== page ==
CRE Note: The sale of counterfeit cigarettes continues to grow at disturbing rate with the result that the adverse health impacts associated with the wide range of contaminants in the product continue to expand. CRE’s testimony at the upcoming TPSAC meeting will highlight this trend and will release a detailed report on the same. If the sale of counterfeit cigarettes are going to be curtailed, the public, the tobacco industry and other relevant stakeholders have to convince federal governments that enforcement resources can not be overwhelmingly given to narcotics at the expense of tobacco products.
It is for this reason that CRE established Counterfeit Cigarettes: An Enforcement Forum.
Also see this article on the reasons that public health officials refuse to address the adverse health effects of counterfeit cigarettes.
June 30, 2011
NEW YORK, Jun 30, 2011 (BUSINESS WIRE) —
Philip Morris International Inc. (PMI) (NYSE:PM)(Paris:PM) today announced results of a recent study showing that the illicit trade in contraband and counterfeit cigarettes in the European Union (EU) in 2010 reached its highest level since studies began in 2006.
The study, conducted by KPMG LLP (KPMG), estimates that annual consumption of illicit cigarettes increased by 3.1 billion units in 2010 versus 2009 to an annualized total of 64.2 billion units, equating to approximately 10% of total cigarette consumption in the EU. The loss to national and EU revenues due to cigarette smuggling is estimated by the European Anti-Fraud Office (OLAF) to be approximately 10 billion Euros per year.
KPMG has conducted this study every year as part of the landmark cooperation agreement between PMI, the European Commission and the EU member states. The results of these studies have been shared with the member states and OLAF.
Commenting on today’s announcement, Timothy Lindon, PMI’s Chief Compliance Officer & Vice President Brand Integrity, said: “While it is clear that law enforcement agencies in the EU are working hard to combat the problem, the study demonstrates that counterfeit and other illicit cigarettes continue to grow and are an increasing challenge to countries in the EU.”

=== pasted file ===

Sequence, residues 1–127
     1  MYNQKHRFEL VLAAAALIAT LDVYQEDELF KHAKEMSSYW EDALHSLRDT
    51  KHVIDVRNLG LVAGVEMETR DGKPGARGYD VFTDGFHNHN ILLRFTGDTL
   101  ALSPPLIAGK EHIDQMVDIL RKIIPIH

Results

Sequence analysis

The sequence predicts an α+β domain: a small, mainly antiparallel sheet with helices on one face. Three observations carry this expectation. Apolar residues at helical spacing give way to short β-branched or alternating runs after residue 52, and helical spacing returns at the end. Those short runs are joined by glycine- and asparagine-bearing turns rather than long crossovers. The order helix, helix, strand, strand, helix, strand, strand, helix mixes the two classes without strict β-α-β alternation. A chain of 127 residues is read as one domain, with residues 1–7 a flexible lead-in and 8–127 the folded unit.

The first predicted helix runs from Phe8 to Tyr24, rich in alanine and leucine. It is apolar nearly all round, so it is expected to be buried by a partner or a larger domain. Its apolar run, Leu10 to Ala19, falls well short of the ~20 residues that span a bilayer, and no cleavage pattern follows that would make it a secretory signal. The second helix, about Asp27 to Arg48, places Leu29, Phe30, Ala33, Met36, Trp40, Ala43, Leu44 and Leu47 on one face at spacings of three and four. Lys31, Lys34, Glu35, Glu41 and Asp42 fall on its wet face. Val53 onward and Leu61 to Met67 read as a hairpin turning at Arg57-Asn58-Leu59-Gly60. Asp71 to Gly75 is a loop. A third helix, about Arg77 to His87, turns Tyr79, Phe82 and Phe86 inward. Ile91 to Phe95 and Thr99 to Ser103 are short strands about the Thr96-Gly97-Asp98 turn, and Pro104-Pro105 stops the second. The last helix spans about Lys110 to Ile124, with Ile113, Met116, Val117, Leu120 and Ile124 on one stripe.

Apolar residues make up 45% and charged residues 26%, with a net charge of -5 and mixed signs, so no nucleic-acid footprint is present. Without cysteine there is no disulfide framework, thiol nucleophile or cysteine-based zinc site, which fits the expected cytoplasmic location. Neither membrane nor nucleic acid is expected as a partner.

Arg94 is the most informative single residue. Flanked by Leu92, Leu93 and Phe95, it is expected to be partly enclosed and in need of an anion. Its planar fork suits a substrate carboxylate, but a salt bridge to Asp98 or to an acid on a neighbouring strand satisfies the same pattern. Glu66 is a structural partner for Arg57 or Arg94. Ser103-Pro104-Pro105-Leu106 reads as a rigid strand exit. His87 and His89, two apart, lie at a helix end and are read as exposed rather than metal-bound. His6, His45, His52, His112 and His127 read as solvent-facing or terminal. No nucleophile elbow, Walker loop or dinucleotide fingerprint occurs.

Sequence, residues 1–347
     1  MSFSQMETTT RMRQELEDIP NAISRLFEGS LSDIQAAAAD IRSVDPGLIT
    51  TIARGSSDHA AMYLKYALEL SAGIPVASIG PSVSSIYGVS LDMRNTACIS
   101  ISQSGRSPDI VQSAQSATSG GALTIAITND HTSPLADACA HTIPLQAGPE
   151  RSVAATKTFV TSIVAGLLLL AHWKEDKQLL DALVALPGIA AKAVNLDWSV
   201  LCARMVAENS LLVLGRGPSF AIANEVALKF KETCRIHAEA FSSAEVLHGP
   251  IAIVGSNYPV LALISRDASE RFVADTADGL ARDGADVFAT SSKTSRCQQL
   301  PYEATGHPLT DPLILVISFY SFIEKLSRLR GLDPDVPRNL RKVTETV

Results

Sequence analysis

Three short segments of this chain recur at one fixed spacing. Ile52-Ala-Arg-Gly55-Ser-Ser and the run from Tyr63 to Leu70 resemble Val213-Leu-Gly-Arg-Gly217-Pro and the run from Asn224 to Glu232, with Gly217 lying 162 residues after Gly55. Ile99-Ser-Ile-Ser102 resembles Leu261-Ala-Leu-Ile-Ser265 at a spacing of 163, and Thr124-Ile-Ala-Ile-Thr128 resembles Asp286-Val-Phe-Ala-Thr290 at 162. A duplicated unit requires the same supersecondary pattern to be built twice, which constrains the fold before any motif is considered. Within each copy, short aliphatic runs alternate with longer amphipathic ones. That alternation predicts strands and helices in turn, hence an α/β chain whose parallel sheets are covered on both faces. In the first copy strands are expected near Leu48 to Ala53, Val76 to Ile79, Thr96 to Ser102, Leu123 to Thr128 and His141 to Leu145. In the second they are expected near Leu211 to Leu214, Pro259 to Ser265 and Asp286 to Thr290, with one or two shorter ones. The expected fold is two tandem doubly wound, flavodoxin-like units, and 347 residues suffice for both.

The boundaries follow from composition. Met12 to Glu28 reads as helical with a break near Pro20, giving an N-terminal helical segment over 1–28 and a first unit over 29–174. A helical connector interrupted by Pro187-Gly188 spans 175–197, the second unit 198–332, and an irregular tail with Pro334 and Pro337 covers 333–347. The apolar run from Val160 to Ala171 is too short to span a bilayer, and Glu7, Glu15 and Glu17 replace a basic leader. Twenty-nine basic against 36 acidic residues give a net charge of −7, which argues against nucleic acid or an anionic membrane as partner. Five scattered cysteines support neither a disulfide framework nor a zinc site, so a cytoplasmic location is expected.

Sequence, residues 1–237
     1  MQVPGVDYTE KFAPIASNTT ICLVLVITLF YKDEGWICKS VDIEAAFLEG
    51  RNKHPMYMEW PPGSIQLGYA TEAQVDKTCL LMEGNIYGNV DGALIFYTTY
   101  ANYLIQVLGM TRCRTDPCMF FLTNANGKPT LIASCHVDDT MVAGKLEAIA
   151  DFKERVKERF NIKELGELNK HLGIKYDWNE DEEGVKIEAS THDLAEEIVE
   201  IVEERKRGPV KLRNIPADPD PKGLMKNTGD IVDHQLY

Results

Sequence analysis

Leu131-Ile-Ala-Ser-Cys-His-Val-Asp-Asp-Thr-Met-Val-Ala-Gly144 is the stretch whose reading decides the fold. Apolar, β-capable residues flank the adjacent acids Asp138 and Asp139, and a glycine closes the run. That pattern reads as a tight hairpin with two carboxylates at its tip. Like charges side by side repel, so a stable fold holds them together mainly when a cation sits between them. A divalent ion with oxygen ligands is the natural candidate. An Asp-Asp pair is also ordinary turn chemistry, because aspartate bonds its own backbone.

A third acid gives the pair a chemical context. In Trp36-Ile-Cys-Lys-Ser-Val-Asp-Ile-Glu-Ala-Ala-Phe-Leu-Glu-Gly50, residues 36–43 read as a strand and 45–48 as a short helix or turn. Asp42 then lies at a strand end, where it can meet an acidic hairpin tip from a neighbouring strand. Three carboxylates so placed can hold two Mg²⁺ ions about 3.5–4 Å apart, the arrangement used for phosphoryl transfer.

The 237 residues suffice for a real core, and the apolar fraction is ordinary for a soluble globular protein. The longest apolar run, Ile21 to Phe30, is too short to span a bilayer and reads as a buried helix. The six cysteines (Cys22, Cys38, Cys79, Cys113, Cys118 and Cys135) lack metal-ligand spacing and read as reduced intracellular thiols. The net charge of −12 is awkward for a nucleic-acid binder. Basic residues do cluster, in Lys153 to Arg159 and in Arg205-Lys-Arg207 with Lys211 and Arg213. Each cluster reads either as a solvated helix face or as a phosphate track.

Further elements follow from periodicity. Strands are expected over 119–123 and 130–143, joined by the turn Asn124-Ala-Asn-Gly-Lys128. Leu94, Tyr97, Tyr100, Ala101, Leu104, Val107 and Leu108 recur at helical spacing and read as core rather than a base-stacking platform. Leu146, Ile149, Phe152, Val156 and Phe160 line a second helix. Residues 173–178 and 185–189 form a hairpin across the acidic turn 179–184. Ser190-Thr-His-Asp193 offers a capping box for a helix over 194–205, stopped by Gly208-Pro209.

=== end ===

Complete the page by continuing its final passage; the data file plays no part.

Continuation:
“The illegal cigarette market in the EU is now larger than the legal cigarette markets of France, Ireland and Finland combined, and brings increased criminality to EU member states, as profits from illicit trade are often used to fund other illegal activities, including drug smuggling, human trafficking and terrorism. In many EU countries, there are now two distinct cigarette markets, one legal regulated market which is declining, and an illegal unregulated market that is growing.”
PMI is firmly opposed to the illicit trade in cigarettes and has undertaken a broad series of measures to combat this growing problem, including implementation of a global tracking and tracing system, comprehensive know-your-customer policies, consumer education and collaboration with governments. The key to success in this effort is local and international cooperation among numerous stakeholders, including governments, enforcement agencies, manufacturers and retailers, as well as a strong and globally-enforced protocol on illicit trade that addresses all forms of contraband and counterfeit tobacco products.
For more information on PMI’s activities to combat the illicit trade in tobacco products, visit http://www.pmi.com/eng/tobacco_regulation/illicit_trade/pages/illicit_trade.aspx
Philip Morris International Inc. (PMI) is the leading international tobacco company, with seven of the world’s top 15 international brands, including Marlboro, the number one cigarette brand worldwide. PMI’s products are sold in approximately 180 countries. In 2010, the company held an estimated 16.0% share of the total international cigarette market outside of the U.S., or 27.6% excluding the People’s Republic of China and the U.S. For more information, see www.pmi.com.
SOURCE: Philip Morris International